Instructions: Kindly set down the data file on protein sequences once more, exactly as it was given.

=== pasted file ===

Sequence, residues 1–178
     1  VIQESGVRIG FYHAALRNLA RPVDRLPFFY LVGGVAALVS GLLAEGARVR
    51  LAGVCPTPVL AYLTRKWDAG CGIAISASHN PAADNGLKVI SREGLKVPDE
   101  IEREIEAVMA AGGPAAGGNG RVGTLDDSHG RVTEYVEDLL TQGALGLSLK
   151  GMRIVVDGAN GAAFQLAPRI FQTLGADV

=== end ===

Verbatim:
Sequence, residues 1–178
     1  VIQESGVRIG FYHAALRNLA RPVDRLPFFY LVGGVAALVS GLLAEGARVR
    51  LAGVCPTPVL AYLTRKWDAG CGIAISASHN PAADNGLKVI SREGLKVPDE
   101  IEREIEAVMA AGGPAAGGNG RVGTLDDSHG RVTEYVEDLL TQGALGLSLK
   151  GMRIVVDGAN GAAFQLAPRI FQTLGADV